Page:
We all know someone who can’t take a compliment. Automatic Negative Thoughts are running rampant in these folks’ brains. People like this treat their positive experiences and qualities like they don’t count. About a major accomplishment, they might say, I just got lucky.


These are thoughts that involve the use of absolutes: always, everyone, never. Basically a single incident becomes the basis for judging all incidents the same way. I can never catch a break.

These thoughts can also include sweeping negative conclusions that go far beyond the situation. I was uncomfortable at the meeting. I clearly don’t have what it takes to be a part of this company.

Moral Imperatives

These are thoughts that include the use of “musts,” “shoulds,” and “ought to’s.” Life is lived by a strict set of rules, and you overestimate how bad it is when you, or others, don’t comply. Good girls shouldn’t talk back.

Emotional Reasoning

You think something is true because you feel it strongly—even in the face of evidence to the contrary. I’m panicky, which means I’m going to blow the presentation.

Selective Judgment

This happens when you judge the whole by one small, negative aspect. Our wedding was ruined because they ran out of our specialty cocktail.

Taking Back Your Power

Using this list to identify the distortions in your thinking is the hardest part of this process, simply because the thoughts have gone unnoticed for so long. Once you’ve captured an Automatic Negative Thought, taking away its sting is much easier.

Let’s take a thought like:

No one cares about my story, writing a book would be a total waste . . .

and apply the following steps.

Your next task is to look for evidence that both supports and negates your ANT. Finding proof on both sides is simply so you can see the whole picture.

No one cares about my story…

Evidence for: It’s quite possible that a great many people would have no interest in the story of your life. (Although it’s harder to believe that number would be zero).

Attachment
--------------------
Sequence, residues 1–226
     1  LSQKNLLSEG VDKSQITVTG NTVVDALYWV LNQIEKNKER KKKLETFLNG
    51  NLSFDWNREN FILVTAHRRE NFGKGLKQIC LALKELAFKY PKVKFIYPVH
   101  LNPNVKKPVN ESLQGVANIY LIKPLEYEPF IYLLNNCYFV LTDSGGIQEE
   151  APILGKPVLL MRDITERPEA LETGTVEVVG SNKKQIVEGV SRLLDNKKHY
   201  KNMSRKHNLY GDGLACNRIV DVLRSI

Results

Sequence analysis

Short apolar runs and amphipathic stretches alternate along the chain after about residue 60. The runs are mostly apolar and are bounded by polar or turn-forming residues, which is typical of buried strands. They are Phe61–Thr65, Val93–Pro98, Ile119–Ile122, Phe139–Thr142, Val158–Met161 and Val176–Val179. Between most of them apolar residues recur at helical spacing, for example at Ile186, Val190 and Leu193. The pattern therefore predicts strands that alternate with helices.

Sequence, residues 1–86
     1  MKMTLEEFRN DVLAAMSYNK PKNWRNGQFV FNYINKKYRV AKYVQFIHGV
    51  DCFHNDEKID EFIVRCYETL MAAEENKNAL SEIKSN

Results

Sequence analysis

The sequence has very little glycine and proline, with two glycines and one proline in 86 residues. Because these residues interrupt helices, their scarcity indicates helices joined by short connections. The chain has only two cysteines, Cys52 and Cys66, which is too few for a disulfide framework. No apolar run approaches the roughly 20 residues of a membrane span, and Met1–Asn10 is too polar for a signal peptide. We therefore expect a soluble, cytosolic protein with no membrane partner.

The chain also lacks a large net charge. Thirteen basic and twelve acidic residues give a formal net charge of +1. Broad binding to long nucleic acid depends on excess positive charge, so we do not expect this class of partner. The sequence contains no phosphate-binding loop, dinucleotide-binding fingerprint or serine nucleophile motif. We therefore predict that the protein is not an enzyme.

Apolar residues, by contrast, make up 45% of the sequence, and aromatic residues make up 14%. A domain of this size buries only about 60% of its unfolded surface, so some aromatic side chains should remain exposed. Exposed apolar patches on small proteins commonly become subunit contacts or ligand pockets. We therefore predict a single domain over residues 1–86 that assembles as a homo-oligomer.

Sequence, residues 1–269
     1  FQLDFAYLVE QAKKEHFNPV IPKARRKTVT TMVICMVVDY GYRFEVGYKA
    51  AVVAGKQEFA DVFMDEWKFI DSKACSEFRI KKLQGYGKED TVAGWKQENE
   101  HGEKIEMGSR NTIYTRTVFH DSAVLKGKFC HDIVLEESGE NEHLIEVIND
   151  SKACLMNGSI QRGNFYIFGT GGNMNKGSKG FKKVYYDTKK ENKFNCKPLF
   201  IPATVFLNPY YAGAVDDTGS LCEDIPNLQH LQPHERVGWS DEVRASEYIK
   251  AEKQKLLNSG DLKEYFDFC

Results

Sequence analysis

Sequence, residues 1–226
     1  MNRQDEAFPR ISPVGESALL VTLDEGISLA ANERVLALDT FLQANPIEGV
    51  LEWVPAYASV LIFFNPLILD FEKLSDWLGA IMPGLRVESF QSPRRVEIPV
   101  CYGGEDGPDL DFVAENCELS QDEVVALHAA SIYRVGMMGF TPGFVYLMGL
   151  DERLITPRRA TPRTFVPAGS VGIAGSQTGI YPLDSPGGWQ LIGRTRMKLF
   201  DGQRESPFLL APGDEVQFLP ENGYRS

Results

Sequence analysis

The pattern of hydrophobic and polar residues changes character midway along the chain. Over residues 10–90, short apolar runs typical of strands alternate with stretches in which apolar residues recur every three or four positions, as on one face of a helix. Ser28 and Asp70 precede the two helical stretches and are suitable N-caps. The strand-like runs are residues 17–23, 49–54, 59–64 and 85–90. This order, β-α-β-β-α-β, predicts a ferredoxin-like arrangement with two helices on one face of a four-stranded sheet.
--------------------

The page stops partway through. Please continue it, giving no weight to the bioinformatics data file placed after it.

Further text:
Evidence against: On the other hand, people have told you that your story would make a good book on a dozen different occasions. (You just tend to forget this).

Next, ask yourself if there are any other ways of looking at this situation that you haven’t considered.

In this case, would your motivation for writing a book strictly be about other people? Many of us feel called to write because there is a story inside us dying to be told. Because if we went to our deathbeds with it still trapped within us, we’d be full of regret.

If this is true for you, it certainly seems to negate the second half of this Automatic Negative Thought. Writing a book would be a total waste, would it not?

If you’re struggling with disbelieving an ANT that has particularly deep roots, ask yourself if it’s true in every instance. Because if there is even one instance in which it’s not true, then it’s simply not true. The belief that “no one—not a single person—cares” can’t be true if someone once told you your story sounds interesting.

Flipping the Script

Once you’ve considered the facts, construct a healthier thought as a counterpoint. Now that you know what is actually true, rather than what you’ve told yourself is true, you will be more open to other ways of thinking.

If you’re using a journal, it helps to add a line about the harm this negative thought is causing you. Many of our Automatic Negative Thoughts rattle our confidence, preventing us from taking action on our big ideas. In reality, taking action is the very thing that builds confidence, so ANTs make us feel like failures for being stuck and, at the same time, keep us stuck. Fuck ’em.

Craft a statement that reflects this new, healthier belief. In the example above, this might look like, Writing my story is important to me—I want to live with no regrets.

Or, If it’s interesting to me (and Ben!), then writing a book is worth it.

Take inventory of the pleasant feelings you associate with this new statement. Maybe the idea makes you excited, and you feel a fire lit inside you. Or maybe you can already envision the sense of accomplishment you will feel to see your story in print.

Now, make it repeatable. Write your affirmation on the bathroom mirror. Put it on a sticky note on the dashboard of your car. Say it out loud to yourself several times a day.

Before you skip off into the sunset like Stuart Smalley, however, one caveat: studies suggest that writing affirmations can backfire and actually make you feel worse about yourself—if the positive statement you select doesn’t feel true to you. So if you are trying to flip the script on, I’m unlovable, by changing it to, everybody loves me, you likely won’t succeed.

Instead, recognize this black-and-white thinking and focus on the people who do love you (like your mom and your dog). I am loved, is both true and believable.

In reality, how intensely you believe the new positive statement is far less important than the process of recognizing and putting a stop to the original Automatic Negative Thought. That’s where the magic happens. That’s where we take power back from the bully inside our own skin.

And if we strip away the self-imposed resistance, there is truly nothing we can’t achieve.